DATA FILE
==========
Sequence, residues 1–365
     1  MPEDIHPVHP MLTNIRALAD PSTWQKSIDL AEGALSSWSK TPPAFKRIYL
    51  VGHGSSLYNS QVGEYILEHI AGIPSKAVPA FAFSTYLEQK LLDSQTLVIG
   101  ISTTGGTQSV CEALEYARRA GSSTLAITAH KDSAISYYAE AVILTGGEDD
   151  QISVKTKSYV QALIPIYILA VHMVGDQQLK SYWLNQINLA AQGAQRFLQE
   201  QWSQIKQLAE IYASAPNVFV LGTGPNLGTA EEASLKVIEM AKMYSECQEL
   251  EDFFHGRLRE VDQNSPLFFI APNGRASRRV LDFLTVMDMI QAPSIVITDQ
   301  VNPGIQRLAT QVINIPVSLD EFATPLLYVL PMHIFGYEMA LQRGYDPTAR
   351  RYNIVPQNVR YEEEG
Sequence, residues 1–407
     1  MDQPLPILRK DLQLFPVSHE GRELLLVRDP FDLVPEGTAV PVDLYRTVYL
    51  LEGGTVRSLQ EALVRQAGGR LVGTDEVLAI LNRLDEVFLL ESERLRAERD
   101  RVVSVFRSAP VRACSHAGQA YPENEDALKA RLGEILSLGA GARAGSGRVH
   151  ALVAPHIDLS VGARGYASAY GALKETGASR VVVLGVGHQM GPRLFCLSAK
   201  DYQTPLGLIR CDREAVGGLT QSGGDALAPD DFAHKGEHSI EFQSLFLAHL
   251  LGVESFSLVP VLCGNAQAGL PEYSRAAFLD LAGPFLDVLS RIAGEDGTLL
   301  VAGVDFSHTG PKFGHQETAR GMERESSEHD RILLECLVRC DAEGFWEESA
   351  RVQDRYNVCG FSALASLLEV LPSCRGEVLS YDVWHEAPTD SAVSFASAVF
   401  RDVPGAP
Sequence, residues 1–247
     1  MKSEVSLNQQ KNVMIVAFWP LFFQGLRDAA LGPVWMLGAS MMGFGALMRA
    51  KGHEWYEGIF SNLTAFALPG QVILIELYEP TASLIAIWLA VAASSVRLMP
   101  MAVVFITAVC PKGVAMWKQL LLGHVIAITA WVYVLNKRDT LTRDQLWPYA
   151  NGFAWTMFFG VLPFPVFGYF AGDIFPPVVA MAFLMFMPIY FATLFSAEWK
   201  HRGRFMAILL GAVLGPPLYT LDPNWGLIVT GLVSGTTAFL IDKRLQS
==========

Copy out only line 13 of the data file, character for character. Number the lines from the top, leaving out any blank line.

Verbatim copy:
   101  RVVSVFRSAP VRACSHAGQA YPENEDALKA RLGEILSLGA GARAGSGRVH